Under the cover of darkness General Johnston formed the Confederate Army in a grand Napoleonic alignment of four Corps in echelon. The three brigades of III Corps commanded by Major General William J. Hardee would lead the assault followed in succession by II Corps consisting of six brigades under Major General Braxton Bragg and I Corps comprised of four brigades, Major General Leonidas Polk commanding. None other than the former Vice-President of the United States, now Brigadier General John C. Breckinridge, C.S.A., led the Reserve Corps with three brigades under his command.

Many have criticized his disposition of forces but you must allow that at this point in the war many of our men were recent volunteers, brand new to army, unused to the hardships of the march, much less the finer points of drill, and untested in battle. To complicate matters further, in addition to the recent concentration of separate forces unaccustomed to working together, several of the senior officers had previously held independent command, did not know their counterparts well or, if they did, considered them rivals. You would think a common enemy would foster a common purpose but regrettably there were matters of seniority and organization that had not yet been resolved satisfactorily. Finally, armies greater than a few thousand men were not yet common. Organizing the efforts of four Corps in battle is far different than directing the movements of four regiments, four brigades or even four divisions. In time our armies would rival those of Europe in size and with experience our staff work would become just as sophisticated if not more so but that was not the case in 1862. Complicated maneuvers requiring intricate and precise coordination were not feasible. No, the early battles were blunt and direct affairs. Military elegance would come later. No matter what tactics were used, from the beginning of the war to its end, all fights were brutal and bloody affairs.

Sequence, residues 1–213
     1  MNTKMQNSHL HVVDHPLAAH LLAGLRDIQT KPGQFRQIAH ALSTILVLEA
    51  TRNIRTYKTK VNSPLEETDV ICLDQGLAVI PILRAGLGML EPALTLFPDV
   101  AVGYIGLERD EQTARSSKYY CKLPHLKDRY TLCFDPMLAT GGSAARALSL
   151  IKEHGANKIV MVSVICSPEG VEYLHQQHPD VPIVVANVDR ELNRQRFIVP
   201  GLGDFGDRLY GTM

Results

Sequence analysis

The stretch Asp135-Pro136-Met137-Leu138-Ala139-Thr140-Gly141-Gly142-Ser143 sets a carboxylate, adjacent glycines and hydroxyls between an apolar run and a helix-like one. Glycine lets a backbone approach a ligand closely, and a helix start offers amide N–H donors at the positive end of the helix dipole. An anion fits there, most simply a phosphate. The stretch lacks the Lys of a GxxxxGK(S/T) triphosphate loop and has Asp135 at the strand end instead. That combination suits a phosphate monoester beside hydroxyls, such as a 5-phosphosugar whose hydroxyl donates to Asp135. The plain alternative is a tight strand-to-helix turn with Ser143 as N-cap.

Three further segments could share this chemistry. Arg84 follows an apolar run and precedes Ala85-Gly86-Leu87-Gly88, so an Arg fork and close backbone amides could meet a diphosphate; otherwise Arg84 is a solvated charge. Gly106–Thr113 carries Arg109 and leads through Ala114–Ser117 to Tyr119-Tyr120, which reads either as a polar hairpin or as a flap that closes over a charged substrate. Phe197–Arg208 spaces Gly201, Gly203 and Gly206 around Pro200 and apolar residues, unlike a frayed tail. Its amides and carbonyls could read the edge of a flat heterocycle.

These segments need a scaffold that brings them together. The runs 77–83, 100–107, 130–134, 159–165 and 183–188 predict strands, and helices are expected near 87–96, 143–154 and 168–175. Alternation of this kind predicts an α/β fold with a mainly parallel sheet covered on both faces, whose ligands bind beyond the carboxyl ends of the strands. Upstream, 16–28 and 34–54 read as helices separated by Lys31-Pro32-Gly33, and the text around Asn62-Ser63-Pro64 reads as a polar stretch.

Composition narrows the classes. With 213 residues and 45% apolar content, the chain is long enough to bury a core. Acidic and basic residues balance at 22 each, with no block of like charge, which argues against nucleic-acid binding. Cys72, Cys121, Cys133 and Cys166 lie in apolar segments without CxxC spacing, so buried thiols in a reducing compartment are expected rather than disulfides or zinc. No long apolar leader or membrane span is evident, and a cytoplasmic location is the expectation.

Greatly aided by Union complacency regarding reports of Confederate troop movements, General Johnston completely surprised General Grant. All hell broke loose at dawn on April 6, 1862 near a Methodist Church called Shiloh Meeting House. In the Good Book, Shiloh was a sanctuary for the Israelites and the site of a tabernacle where the Ark of the Covenant was kept until it was captured by the Philistines. Make of that what you will, but no one found sanctuary on the grounds of Shiloh that day. General Hardee’s brigade caught Union forces sleepily emerging from their tents to enjoy breakfast and initially swept them from the field. As resistance stiffened General Bragg joined the assault and the hastily formed Union lines at Shiloh Church, Seay Field and Spanish Field disintegrated.